above, cultivating salt resistant crops like barseem, dhaincha and other leguminous crops can help
in reclaiming these soils.
 Note: In the areas of intensive cultivation with excessive use of irrigation, especially in areas of
green revolution, the fertile alluvial soils are becoming saline. In such areas, especially in Punjab
and Haryana, farmers are advised to add gypsum to solve the problem of salinity in the soil.

7. PEATY SOILS

 These soils are locally called Kari in Kottayam and Alleppey districts of Kerala.
 Formation: These are marshy soils and are a result of water logging and anaerobic conditions (which
leads to partial decomposition of organic matter).
 Areas: They are found in the areas of heavy rainfall and high humidity, where there is a good growth of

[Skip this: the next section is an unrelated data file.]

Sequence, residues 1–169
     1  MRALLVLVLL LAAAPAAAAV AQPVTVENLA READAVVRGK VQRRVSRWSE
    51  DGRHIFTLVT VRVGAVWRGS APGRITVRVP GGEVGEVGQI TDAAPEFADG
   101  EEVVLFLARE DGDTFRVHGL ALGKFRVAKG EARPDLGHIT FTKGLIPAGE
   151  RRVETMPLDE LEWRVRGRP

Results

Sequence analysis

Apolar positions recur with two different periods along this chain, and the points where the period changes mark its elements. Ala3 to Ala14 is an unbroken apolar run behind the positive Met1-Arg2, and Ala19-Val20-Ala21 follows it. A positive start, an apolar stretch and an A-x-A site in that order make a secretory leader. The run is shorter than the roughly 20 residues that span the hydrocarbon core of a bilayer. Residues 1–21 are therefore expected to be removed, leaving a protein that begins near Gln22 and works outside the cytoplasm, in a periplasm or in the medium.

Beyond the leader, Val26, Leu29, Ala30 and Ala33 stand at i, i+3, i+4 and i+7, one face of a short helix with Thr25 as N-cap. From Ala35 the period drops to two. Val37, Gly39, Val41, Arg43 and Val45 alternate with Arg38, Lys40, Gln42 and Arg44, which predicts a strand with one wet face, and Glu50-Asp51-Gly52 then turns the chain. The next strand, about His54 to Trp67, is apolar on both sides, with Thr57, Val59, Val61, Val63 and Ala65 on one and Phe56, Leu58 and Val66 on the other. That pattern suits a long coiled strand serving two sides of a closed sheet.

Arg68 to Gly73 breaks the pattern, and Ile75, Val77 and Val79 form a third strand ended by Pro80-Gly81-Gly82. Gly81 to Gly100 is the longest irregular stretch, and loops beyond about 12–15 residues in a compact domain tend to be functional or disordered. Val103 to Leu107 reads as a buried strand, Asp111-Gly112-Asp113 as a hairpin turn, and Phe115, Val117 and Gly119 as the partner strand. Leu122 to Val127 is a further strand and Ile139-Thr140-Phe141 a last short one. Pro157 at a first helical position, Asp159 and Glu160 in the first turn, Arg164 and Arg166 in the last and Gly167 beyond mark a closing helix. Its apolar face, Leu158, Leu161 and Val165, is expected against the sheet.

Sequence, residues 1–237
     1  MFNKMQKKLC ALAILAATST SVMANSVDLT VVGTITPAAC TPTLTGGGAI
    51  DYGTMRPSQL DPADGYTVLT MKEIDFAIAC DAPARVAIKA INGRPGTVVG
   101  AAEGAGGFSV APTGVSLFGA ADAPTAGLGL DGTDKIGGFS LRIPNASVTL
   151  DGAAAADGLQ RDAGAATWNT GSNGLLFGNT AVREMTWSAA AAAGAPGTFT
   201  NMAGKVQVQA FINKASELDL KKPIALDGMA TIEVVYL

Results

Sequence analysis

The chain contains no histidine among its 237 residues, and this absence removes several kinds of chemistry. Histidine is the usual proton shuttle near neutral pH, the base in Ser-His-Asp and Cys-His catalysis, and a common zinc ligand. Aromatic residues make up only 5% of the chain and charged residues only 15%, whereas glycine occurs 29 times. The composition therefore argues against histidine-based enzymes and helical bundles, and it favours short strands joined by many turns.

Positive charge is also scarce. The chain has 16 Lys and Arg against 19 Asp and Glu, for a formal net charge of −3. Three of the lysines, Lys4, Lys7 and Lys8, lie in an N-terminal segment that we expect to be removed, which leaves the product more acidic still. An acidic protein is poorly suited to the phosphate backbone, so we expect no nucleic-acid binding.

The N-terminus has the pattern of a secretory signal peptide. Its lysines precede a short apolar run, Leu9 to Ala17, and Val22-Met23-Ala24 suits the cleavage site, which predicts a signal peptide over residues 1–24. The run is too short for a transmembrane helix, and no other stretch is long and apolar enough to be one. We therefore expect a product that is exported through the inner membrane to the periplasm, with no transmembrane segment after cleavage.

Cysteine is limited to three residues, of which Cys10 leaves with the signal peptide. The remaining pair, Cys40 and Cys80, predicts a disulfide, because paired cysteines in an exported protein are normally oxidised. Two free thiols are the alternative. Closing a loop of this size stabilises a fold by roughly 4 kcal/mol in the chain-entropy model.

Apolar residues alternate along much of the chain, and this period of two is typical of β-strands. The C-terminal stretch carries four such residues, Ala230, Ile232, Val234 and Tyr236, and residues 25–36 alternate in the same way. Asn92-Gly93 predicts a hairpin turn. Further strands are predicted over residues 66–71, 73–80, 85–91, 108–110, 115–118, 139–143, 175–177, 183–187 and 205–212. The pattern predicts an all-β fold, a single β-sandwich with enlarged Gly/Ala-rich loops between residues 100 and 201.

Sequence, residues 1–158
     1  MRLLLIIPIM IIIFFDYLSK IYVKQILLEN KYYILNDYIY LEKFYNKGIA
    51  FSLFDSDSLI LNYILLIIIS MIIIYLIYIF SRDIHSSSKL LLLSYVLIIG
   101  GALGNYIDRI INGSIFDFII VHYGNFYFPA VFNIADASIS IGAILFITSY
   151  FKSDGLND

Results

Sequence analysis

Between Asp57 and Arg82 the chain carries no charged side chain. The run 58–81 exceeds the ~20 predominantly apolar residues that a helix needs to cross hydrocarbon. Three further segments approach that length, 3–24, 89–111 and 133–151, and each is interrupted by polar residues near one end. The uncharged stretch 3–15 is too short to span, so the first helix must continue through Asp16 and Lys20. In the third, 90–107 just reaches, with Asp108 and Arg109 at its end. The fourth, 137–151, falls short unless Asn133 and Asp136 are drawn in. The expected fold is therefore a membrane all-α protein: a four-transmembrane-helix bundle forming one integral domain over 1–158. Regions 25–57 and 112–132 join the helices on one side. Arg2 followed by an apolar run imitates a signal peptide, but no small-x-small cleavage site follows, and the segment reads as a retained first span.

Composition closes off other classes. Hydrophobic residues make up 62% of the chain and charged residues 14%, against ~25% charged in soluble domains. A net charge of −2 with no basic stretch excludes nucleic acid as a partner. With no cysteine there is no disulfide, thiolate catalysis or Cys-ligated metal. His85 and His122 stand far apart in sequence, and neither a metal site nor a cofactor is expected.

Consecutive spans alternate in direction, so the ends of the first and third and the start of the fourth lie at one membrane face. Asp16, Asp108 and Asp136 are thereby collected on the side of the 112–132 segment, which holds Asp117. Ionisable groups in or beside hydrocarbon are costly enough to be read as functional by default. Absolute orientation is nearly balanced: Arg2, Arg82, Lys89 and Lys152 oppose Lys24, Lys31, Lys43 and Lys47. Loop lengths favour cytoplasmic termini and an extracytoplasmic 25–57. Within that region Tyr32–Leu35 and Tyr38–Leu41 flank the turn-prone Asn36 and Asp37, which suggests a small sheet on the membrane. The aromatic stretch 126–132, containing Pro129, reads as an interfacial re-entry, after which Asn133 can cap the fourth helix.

vegetation. It occurs widely in the northern part of Bihar, the southern part of Uttaranchal and the coastal
areas of West Bengal, Orissa and Tamil Nadu.
 Soil Colour and Texture: These soils are normally heavy and black in colour
 Other characteristic features:
 These soils are characterised by a rich humus and organic content.
 There is a presence of iron and varying amounts of organic matter (10-40%). The organic matter in
these soils may go even up to 40-50 per cent.
 These soils are generally acidic in nature. But at many places, they are alkaline also.
 Suitable crops: These are generally submerged during the rainy season and utilised for the cultivation of
rice.
8. Forest Soils

 Formation: As the name suggests, forest soils are formed in the forest areas where sufficient rainfall is
available.
 Areas: These are found in the forest areas of Himalayas, Sahyadris, Eastern Ghats and terai region.
 Soil colour and texture: The soils vary in structure and texture depending on the mountain environment